Scores in this category range from a maximum of 100 for a violation of a ban to 1 for caustic chemicals used as a pH balancer in a specific product.
|Finding||Data source||Hazard Score|
|Banned or found unsafe for use in cosmetics||Government assessment||100|
|Violations of restrictions and safety warnings||Government assessment||90|
|Not safe in cosmetics for specific use||Literature review, industrial panel, or major government study||40|
|Safe use with an industry determined concentration limit||Literature review, industrial panel, or major government study||25|
|Safe use with specific consumer instructions||Literature review, industrial panel, or major government study||10|
|Safe use as a pH adjuster||Literature review, industrial panel, or major government study||1|
|Approved for use||Government assessment, literature review, industrial panel, or major government study||0|
Many chemicals persist in the environment and bioaccumulate in people and the environment. EWG has compiled listings of persistent, bioaccumulative compounds from authoritative bodies, for compounds considered potentially hazardous to humans or the environment.
For the hazard score category titled "Ingredients not fully identified," we assign a score of 100, flagging ingredients with unknown identity, such as fragrance and unidentified essential oils.
|Finding||Level of finding||Hazard Score|
|Persistent, bioaccumulative in wildlife and humans||Government assessment||100|
|Persistent, bioaccumulative in wildlife||Government assessment||50|
|Finding||Level of finding||Hazard Score|
|Used in food or as an additive with limited or no toxicity information available||Government assessment||100|
|Contaminant in tap water||Government assessment||100|
|In other consumer products besides personal care products||Government assessment||50|
|High production volume chemical||Government assessment||50|
|Environmental releases by industry||Government assessment||50|
|Used as an inert ingredient in pesticides||Government assessment||50|
|Designated as safe for use in food||Government assessment||0|
Adjusting hazard scores for skin absorption potential: In the penultimate step for deriving product and ingredient hazard scores, we adjust preliminary scores to account for increased potential for an ingredient to penetrate the skin. We account for the potential enhanced absorption of a product stemming from the presence of penetration enhancing ingredients, and known or potential nano-scale ingredients (NanoWerk 2007).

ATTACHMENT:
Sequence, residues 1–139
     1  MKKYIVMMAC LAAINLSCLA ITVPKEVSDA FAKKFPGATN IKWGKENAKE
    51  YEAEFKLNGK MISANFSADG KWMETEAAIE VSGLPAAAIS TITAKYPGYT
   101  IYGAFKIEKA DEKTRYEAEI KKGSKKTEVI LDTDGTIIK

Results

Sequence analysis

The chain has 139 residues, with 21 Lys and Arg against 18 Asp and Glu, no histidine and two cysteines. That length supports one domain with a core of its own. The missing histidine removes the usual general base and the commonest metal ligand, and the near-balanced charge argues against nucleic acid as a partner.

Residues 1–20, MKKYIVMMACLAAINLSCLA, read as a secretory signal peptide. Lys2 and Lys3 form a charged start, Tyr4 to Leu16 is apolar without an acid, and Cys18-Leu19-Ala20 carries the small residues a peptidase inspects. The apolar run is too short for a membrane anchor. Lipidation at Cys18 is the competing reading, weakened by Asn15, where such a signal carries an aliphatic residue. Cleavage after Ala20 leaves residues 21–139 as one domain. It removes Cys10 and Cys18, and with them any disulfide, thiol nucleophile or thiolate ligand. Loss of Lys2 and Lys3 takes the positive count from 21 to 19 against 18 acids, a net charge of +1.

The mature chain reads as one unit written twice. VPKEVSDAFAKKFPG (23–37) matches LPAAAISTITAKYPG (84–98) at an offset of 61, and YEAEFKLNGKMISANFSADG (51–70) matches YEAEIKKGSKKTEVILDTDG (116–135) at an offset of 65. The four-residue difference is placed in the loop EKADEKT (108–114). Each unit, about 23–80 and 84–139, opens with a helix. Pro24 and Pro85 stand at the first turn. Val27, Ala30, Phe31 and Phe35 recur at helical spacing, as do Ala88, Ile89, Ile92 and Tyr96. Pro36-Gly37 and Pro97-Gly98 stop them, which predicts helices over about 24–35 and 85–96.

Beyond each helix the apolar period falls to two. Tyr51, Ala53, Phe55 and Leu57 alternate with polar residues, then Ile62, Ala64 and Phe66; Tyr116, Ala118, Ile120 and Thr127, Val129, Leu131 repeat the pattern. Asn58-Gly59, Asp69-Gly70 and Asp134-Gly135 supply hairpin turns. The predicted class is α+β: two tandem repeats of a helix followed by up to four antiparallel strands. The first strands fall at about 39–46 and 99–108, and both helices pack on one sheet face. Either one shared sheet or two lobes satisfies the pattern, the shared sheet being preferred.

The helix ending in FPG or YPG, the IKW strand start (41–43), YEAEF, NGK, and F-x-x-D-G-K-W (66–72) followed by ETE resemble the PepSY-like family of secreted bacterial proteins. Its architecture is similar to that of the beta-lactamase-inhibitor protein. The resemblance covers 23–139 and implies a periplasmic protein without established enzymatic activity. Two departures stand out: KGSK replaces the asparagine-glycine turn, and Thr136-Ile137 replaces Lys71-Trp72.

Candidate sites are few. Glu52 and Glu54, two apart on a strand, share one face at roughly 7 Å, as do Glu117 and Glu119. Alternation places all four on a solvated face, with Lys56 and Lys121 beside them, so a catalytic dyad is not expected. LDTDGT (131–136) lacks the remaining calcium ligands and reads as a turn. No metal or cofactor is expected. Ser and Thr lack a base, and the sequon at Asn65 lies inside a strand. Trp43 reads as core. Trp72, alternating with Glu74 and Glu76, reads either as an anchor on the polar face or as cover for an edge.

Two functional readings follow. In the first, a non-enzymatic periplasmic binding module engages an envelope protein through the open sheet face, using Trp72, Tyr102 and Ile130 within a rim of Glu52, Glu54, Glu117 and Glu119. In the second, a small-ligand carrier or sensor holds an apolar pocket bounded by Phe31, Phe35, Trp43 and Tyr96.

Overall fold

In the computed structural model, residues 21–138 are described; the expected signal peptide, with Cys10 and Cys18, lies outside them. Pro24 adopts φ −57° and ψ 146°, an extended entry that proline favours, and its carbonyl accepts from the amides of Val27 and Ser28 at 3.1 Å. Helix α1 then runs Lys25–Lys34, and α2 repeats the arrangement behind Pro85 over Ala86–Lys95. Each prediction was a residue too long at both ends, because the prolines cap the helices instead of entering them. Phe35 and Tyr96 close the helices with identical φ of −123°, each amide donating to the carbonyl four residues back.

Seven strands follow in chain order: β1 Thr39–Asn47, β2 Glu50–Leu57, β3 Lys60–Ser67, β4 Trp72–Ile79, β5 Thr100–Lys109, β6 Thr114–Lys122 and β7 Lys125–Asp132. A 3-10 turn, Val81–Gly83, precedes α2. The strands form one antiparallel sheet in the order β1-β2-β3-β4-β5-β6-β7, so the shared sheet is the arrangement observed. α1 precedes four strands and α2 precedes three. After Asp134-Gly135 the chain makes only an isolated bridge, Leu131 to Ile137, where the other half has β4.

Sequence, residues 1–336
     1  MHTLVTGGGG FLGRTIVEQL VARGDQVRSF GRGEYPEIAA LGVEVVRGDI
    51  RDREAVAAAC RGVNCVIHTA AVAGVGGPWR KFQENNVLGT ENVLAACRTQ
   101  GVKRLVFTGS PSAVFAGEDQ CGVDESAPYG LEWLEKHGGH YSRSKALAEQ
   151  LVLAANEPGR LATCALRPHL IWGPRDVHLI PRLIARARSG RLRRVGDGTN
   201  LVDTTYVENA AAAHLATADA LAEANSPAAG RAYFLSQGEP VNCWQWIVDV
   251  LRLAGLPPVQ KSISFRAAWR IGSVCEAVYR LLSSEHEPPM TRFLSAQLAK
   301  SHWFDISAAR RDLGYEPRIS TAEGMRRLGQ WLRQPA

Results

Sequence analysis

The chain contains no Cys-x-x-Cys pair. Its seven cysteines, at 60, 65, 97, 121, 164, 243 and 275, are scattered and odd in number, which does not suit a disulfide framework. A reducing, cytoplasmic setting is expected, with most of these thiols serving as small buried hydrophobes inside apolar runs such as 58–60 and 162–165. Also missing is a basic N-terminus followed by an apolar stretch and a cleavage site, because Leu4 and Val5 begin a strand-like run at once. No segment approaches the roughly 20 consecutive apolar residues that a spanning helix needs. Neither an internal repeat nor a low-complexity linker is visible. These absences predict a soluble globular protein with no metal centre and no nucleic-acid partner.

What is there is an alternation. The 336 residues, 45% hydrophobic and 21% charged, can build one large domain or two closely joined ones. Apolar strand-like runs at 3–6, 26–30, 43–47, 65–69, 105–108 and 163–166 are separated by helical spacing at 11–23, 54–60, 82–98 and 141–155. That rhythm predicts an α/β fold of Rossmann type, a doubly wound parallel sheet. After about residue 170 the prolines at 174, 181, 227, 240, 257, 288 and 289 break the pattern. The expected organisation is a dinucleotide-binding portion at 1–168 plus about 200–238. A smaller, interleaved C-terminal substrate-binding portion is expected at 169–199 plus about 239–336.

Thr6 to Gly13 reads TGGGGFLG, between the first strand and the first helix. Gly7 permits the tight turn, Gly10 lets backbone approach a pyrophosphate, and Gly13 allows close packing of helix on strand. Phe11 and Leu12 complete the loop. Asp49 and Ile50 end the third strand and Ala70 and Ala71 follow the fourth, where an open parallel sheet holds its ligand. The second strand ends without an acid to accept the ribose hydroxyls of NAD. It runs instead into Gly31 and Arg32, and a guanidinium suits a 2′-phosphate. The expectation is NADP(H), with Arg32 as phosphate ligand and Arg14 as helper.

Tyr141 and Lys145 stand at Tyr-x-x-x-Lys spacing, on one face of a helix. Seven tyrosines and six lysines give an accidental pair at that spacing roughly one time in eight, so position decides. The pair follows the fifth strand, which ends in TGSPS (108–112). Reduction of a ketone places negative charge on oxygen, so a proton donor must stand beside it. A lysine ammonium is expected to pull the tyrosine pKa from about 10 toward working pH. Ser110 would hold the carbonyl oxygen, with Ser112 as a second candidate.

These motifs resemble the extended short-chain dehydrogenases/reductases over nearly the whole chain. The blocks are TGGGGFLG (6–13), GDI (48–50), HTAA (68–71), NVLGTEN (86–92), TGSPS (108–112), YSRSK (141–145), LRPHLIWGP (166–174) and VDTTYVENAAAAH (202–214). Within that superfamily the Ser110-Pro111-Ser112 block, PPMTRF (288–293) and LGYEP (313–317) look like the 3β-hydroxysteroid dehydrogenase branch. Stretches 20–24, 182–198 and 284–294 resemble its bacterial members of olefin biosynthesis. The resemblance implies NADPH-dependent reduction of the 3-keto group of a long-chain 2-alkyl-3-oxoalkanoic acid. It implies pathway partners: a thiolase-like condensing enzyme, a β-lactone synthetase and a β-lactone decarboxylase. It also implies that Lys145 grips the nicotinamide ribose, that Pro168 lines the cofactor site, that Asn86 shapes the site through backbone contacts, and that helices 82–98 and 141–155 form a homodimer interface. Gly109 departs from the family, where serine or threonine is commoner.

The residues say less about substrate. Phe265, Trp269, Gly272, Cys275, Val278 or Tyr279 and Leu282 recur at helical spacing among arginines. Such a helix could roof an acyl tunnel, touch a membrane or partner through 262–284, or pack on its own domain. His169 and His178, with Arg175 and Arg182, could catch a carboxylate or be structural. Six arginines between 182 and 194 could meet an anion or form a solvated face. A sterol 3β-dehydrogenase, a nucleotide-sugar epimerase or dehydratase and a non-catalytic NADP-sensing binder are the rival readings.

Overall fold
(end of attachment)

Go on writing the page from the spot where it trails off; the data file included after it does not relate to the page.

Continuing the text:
For nano-scale and potentially nano-scale ingredients, the ingredient scores are scaled as in Equation 3 with scaling factors of 1.5 and 1.25, respectively. The overall product scores are not adjusted. In cases where the skin absorption potential is lowered, we also scale downwards for the individual ingredients. Scores are multiplied for 0.5 for reduced or limited absorption, and 0.25 where the ingredient has been shown not to absorb into intact skin. Only for ingredients shown not to absorb into intact, damaged, infant, and thinner skin, is the factor reduced to 0.
Hazard scores are reflected as bars at the top of each ingredient, product, brand, and company page. These bars represent the relative hazard rating for that ingredient or ingredient list. Using the general hazard category scores described above, the bars are filled in from left to right with a score of 0 on the left and the maximum on the right (described below). Each page in the Skin Deep online database includes a bar for overall hazard; cancer; developmental/reproductive toxicity; allergies/immunotoxicity; and use restrictions.
The maximum value for each bar is 100. For example, a "known human carcinogen" is assigned a 100 for the cancer category while a "probable human carcinogen" is given a much lower score (55). (See more about the scoring above.) Other concerns are separated into three categories:
The calculation of category scores is the sum of the maximum value for its ingredients + the average of the other ingredients. For "cancer" and "developmental/reproductive toxicity", the bars are scaled from 0 to 100. For "use restrictions" and "allergies/immunotoxicity", the bars are scaled from 0 to 150. Other concerns are listed only if the score is >15. The bar is then scaled based on the number of other concerns that are listed with a scale from 0 to 15 possible extra concerns.
Company and Brand Pages
Hazard category scores for companies and brands are taken as the average value for ingredients used by the brand/company. Category bars displayed in Skin Deep are scaled from 0 to 100. Other concerns are listed only if the average score is >15. The bar is scaled based on the number of other concerns that are listed, with a scale from 0 to 15 possible extra concerns.
New to the April 2011 release of Skin Deep is a data availability rating that gives site users a measure of the availability of safety data for any particular ingredient or product. The data availability rating - none, limited, fair, good or robust - is a combination of two factors: the scope of ingredient safety data contained in Skin Deep, and the number of studies available in the open scientific literature. The rating reflects how much scientists know - or don't know - about an ingredient. Not all cosmetics chemicals have been thoroughly studied. Some may rank low for hazards but only because little research has been done. The lower the data availability, the less we know. We recommend that consumers buy products with lower hazard ratings AND at least "fair" data availability.
Products - Data Availability rating